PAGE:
Letting Kids Drive with You
Too often, kids get a learners permit and never get to drive. Start your young driver in the neighborhood, in parking lots or other low traffic areas. After several weeks, let them drive in more traffic. Don’t expect too much at first, but don’t lower standards. Remember, what your children know about driving they have learned from watching you.
For the first few months, avoid situations where your young driver will need to cross traffic, such as left turns. This is an extremely "high risk" maneuver and your child will not have developed the perception and judgment skills to safely complete this maneuver.
- Later on, evaluate your teens’ driving skills. Look for:
- Driving with two hands
- Use of turn signals
- Smooth, steady acceleration
- Steady speed
- Smooth braking
- Ability to keep the car in the center of the lane
- Use of mirrors
During the first year, while you are still in control, constantly remind your young driver of the importance of paying full-time attention behind the wheel. The events leading up to a crash are measured in seconds, not minutes and looking away briefly can result in death or paralyzing injury.
Remember that night driving presents special challenges. The Insurance Institute for Highway Safety reports that in 2002, 41 percent of teenage motor vehicle crashes occurred between 9 pm and 6 am. Be aware of the problems created by night driving and make sure your son or daughter understands them. Night driving affects effects depth perception, general vision and our ability to determine approximate speed of the oncoming traffic.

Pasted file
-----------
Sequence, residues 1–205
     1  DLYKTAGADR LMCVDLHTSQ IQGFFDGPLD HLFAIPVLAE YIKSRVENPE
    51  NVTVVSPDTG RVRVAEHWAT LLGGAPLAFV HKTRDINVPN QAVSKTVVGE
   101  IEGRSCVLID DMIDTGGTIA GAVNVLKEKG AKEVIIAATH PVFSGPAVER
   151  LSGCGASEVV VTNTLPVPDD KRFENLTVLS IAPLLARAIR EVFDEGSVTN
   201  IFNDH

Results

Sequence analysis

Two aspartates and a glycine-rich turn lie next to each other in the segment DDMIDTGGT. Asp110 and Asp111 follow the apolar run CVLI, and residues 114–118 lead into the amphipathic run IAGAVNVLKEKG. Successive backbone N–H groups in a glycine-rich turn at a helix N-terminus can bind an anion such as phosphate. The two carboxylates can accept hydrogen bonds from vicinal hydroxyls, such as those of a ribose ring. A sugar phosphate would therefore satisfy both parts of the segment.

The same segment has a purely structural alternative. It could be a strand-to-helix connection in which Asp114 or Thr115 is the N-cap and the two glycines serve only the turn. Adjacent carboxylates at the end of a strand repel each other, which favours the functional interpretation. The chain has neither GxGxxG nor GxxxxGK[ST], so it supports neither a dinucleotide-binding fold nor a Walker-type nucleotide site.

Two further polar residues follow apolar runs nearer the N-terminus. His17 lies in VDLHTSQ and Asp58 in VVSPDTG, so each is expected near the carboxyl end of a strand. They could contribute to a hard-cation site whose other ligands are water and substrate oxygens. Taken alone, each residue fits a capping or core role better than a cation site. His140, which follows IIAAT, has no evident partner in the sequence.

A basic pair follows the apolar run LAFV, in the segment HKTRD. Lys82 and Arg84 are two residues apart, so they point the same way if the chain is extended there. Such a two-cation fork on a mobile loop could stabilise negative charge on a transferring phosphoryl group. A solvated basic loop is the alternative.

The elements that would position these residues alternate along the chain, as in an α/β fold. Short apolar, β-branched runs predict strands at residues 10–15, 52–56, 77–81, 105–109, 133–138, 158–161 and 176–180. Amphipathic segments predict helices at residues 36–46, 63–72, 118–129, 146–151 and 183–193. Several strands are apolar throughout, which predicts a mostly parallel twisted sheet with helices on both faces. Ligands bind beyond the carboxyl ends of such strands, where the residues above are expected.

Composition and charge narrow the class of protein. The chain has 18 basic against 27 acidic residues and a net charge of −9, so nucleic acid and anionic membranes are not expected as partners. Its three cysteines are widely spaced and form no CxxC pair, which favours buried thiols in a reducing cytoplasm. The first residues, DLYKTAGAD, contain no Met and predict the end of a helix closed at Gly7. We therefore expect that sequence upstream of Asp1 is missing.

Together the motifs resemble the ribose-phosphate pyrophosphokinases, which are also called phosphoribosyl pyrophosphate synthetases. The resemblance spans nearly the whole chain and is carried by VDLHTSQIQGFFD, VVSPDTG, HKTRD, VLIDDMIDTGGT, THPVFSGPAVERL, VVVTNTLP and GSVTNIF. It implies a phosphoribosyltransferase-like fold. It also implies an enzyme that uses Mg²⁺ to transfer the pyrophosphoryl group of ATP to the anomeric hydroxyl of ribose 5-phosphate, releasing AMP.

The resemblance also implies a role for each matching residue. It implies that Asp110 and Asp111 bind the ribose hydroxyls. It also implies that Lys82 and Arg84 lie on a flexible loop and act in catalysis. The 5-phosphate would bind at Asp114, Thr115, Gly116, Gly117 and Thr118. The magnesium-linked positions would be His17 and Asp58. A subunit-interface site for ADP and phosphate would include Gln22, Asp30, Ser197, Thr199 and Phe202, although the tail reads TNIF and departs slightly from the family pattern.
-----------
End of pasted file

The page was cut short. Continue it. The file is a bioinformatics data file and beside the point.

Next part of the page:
After the first four months of restricted driving situations and times, your teen should be moving into driving all the time. This is another tough transition for parents. During the past few months you have lectured on the dangers and potential hazards caused by other drivers. Now it’s time to let them drive and help them watch out for the other guy.
All new drivers, not just teens, employ tunnel vision: they tend to see only what’s immediately in front of them (it’s a reason kids frequently run through stop signs and traffic lights). They don’t use peripheral vision and they don’t scan. This is an important skill you will need to work on with your teen.
Start by telling them they should be looking 4, 5, and 6 car lengths ahead, scanning the sides of the roads and intersections well before they get there and using the mirrors so they know what’s going on around them. When you pass a street sign ask, what the sign said. When you pass a car at an intersection, ask about the color of the car. Don’t let the driver stare; these important bits of information should only require a quick glance.
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